Saudi Arabia Tour Guide: Al Madinah - City of Date Palms
Saudi Arabia Tour Guide: Al Madinah - City of Date Palms Last updated on Sunday 25th April 2010
Modern Madinah is eminently accessible, as it is excellently served by wide, well-surfaced highways. It is situated 308 miles/49km from Makkah, 264 miles/425km from Jeddah, 170 miles/275km from Yanbu, and 590 miles/950km from Riyadh, the Kingdom's capital.
Saudia, the Kingdom's national airline, operates non-stop flights between Madinah and many other Saudi cities. There are also international non-stop flights between Madinah and Cairo, Damascus, and Istanbul. During the season of hajj and the vacation periods of the academic year, many additional flights are provided.
Madinah's altitude of 1,958 feet/597m above sea level gives it a somewhat extreme climate -- very hot in summer, moderate in autumn and cold in winter. Its generally fertile soil is given a boost in more rocky and arid areas, by the addition of clay-bearing soil, which is brought in from nearby to assist in landscaping. This is later mixed with crushed sand, peat moss, dried manure, and compost to balance the mineral content of the soil, thus increasing its fertile qualities. This prepared soil mixture is used particularly in the planting of the date palm.
Date palms line Madinah's streets and highways in profusion, and the city authorities are constantly planting even more, together with many multi-coloured shrubs. It is almost impossible to find a park or garden in the city without at least one palm tree.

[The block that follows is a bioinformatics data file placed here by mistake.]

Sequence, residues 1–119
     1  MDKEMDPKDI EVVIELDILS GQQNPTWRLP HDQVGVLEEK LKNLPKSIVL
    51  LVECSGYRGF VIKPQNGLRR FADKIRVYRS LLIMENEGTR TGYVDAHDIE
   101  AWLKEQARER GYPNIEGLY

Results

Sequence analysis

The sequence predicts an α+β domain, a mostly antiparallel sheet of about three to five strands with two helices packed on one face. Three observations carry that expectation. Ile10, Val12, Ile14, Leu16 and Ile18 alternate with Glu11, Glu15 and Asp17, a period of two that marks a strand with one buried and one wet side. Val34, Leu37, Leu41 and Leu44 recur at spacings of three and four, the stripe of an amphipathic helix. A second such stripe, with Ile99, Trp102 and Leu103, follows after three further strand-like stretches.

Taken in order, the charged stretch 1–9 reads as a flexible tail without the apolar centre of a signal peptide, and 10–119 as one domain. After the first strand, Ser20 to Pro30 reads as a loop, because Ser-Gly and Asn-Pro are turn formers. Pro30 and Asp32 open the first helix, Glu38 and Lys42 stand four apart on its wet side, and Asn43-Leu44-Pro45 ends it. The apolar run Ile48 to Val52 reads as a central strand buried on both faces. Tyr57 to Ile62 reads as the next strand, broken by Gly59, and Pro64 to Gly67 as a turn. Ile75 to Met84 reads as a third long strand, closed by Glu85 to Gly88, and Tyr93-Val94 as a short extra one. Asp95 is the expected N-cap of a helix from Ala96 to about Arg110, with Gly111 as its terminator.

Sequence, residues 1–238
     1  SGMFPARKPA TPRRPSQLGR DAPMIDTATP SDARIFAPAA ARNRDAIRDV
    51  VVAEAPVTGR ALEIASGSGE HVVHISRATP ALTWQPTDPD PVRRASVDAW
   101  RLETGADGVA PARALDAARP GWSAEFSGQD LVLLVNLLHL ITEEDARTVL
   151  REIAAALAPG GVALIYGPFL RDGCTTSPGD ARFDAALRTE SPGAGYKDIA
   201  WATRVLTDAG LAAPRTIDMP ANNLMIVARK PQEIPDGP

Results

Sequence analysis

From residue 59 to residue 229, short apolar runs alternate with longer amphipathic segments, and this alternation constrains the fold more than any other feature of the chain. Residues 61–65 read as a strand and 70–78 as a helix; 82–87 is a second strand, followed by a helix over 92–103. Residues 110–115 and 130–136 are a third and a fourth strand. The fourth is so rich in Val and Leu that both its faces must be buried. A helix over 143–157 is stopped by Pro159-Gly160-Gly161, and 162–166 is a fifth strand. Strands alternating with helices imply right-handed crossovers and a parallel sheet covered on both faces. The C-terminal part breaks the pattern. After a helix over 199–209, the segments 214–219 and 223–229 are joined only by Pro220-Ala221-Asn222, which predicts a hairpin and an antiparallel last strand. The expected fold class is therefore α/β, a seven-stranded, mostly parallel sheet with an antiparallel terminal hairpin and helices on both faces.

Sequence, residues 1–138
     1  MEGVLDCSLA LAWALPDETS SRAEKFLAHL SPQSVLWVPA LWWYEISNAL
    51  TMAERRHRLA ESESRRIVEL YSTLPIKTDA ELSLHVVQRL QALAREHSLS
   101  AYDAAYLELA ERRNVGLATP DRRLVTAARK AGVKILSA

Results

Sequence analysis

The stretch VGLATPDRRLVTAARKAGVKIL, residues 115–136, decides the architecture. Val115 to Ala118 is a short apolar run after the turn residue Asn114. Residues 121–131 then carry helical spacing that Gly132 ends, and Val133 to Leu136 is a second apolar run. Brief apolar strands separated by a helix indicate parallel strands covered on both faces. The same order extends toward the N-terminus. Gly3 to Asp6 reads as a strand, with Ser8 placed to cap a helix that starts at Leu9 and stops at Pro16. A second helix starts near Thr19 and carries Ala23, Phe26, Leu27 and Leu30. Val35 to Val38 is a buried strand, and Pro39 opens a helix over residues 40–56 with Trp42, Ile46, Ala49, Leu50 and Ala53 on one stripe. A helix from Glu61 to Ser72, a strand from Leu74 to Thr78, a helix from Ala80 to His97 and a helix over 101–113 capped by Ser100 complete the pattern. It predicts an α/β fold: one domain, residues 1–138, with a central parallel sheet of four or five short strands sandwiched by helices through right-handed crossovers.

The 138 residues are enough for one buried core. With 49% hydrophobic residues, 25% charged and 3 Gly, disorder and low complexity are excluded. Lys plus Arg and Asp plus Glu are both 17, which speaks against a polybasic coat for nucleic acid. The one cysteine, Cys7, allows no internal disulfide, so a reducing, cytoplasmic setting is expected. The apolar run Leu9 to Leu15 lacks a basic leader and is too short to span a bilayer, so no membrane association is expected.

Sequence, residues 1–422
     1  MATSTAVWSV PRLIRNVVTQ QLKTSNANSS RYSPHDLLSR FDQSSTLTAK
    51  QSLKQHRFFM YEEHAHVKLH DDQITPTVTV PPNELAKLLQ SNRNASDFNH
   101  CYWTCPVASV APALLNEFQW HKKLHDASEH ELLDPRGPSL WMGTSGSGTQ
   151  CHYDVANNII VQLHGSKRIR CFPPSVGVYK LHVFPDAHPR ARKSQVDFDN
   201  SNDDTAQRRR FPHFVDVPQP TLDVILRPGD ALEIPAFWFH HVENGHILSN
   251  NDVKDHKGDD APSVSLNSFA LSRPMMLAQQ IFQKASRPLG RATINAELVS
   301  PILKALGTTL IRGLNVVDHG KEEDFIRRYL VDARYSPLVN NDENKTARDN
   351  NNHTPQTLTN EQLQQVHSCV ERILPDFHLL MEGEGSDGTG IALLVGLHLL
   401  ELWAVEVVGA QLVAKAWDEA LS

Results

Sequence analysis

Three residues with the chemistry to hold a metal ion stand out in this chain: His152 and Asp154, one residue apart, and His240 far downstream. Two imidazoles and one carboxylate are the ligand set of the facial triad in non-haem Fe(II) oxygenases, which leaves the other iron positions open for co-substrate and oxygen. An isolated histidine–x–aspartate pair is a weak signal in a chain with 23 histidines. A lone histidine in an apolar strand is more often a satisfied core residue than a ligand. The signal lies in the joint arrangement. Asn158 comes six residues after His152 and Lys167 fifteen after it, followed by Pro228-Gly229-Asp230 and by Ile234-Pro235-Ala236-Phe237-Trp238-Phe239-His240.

The date palm (botanical name phoenix dactylifera) belongs to the class Monocotyledons and the family Palm. It has provided mankind with food (pictured) and building materials since the dawn of time and can be found from the Canary Islands across northern Africa to the Middle East; from India and Pakistan to south-west Asia.
Horticultural experts believe that the date palm has been cultivated since about 6000BC, and every part of the tree has its uses. The wood and leaves provide timber and fabric for houses and fences. The leaves are used for making ropes, cord, baskets, crates and furniture. Bases of the leaves and the fruit stalks are used as fuel, and the fruit yields food products such as date vinegar, date chutney or sweet pickle, date paste for bakery products and additional flavouring for oranges, bananas and almonds. The Arabian-flavoured Bedouin dish known as Canua and roasted whole date seeds are popular as far away as Libya. Even the tree's terminal buds make tasty additions to vegetable salads.
The date palm's single, non-branched trunk grows to a height of 100 feet/30m. The trunk is covered in a spiral pattern with leaf base remnants, known as leaf scars. The feather-shaped leaves are about 13-16 feet/4-5m long, and are crowned with male and female flowers, growing on separate trees. Each flower cluster contains about 1,000 blooms. Only young trees, of between three and seven years old, bear flowers; it is the lateral buds of older trees which bear the fruit.
Cultivated date palms undergo a process of artificial fertilization. The male flowers are cut off and tied to the trees above the female flowers. Seeds or offshoots sprouting from the base of the trunk are used in tree propagation. These reproduce the sex and nature of the parent tree and can therefore be used for commercial planting.